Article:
If there is one thing that can be said about NASCAR, it is that they are not in a big hurry to do things. The introduction of the new drug policy after years of high profile incidents comes just in time for the start of the 2009 season. While the changes are certainly necessary and a long time coming, I and everyone else is wondering right now what, if any, affect they will have.
As David Poole pointed out in his blog post on Saturday, NASCAR loves control perhaps more than anything else. With this new policy they have left themselves more than enough room to dismiss issues that may come up. Just because an illegal or questionable substance shows up on a drug test, does not mean NASCAR will necessarily suspend or ban a driver (or crew member/official) or even issue penalties. Quite frankly, if this should happen there is a great chance we will never know. Granted there are legitimate medications that a person could be using that are none of my business, however if that is the case, I would hope NASCAR would already know about them.
The greatest affect this will have is on the over-the-wall crew guys. While most large teams already have drug testing in place, many smaller organizations do not. I know of small teams in the past who started drug testing and had to fire half of their workforce because they tested positive. Now this is certainly not the rule, and generally the most serious drug being used was marijuana, but it does happen and I would guess probably will happen with this new testing.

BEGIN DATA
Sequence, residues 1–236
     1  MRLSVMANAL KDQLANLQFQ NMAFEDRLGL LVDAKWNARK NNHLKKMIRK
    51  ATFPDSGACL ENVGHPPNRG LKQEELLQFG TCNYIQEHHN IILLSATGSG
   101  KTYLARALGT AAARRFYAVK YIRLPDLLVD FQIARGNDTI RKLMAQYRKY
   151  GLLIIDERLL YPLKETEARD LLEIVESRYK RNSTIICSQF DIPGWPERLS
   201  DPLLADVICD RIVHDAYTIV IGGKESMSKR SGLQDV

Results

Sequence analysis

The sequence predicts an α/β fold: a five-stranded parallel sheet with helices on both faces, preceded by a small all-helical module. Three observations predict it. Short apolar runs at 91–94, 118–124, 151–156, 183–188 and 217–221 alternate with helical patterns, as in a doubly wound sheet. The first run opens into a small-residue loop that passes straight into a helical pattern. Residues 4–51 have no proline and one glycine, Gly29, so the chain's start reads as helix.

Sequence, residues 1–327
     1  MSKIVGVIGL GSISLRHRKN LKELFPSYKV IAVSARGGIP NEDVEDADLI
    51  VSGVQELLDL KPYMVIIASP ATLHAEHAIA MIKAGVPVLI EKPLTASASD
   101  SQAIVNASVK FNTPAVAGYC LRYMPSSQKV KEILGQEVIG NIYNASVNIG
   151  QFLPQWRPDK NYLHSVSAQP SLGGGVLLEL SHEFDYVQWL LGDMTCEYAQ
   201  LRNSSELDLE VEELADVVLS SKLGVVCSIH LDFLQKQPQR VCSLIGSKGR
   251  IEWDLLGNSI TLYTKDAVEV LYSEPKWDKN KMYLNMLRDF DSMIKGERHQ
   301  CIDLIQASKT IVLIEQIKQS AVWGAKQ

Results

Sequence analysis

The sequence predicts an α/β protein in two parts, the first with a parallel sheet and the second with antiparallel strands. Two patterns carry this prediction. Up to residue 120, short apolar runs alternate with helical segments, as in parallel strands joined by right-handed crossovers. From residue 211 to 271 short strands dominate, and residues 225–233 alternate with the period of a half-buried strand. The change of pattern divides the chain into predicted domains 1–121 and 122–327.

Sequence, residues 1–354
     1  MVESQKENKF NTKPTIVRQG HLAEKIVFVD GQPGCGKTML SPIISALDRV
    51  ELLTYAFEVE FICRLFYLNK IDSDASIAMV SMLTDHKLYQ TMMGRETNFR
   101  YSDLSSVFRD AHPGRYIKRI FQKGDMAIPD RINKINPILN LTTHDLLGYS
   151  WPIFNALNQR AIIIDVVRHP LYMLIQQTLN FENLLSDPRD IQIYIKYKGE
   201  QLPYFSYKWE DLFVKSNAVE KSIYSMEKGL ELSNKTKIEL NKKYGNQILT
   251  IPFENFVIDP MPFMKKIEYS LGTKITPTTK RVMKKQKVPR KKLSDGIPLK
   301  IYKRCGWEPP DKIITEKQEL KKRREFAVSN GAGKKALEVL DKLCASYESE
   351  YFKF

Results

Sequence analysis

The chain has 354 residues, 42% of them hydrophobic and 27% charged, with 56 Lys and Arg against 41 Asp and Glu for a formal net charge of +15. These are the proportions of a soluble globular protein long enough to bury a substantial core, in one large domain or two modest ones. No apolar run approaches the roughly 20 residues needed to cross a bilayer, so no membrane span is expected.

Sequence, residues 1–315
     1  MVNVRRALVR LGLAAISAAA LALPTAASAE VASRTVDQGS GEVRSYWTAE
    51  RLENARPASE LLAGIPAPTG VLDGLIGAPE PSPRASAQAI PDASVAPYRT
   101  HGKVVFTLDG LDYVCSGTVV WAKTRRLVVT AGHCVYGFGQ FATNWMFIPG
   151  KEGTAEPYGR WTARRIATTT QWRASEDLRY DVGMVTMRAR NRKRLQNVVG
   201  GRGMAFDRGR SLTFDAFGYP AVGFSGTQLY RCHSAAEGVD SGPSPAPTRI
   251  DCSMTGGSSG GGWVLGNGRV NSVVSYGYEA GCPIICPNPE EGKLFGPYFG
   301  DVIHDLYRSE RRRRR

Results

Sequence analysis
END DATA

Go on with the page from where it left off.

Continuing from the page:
Beyond the preseason testing that will be taking place are the random tests that NASCAR says will occur every week throughout each of the series. This is, in my mind, the most important part of the testing procedure. While everyone will have substantial advance notice they are going to be tested early on, they will hopefully have no idea that they will be randomly screened at track. The possibility of a test will hopefully be enough of an incentive not to do anything. In order to keep this as an effective tool though, the hope is the testing remains, as the process continues, truly random.
Overall, I think this new policy is a positive step. It works to rectify the old, if we suspect you, we’ll test you, system (while still keeping it in place) and helps to move it forward, in line with other sports and other corporations. NASCAR can not afford for drivers to be racing while taking any drug, and for that matter any crew guy or official going over the wall while doing the same. It is dangerous and potentially deadly.
We’ll see how seriously NASCAR decides to take this in the weeks and months ahead. If this first step is any indication though, I am hopeful.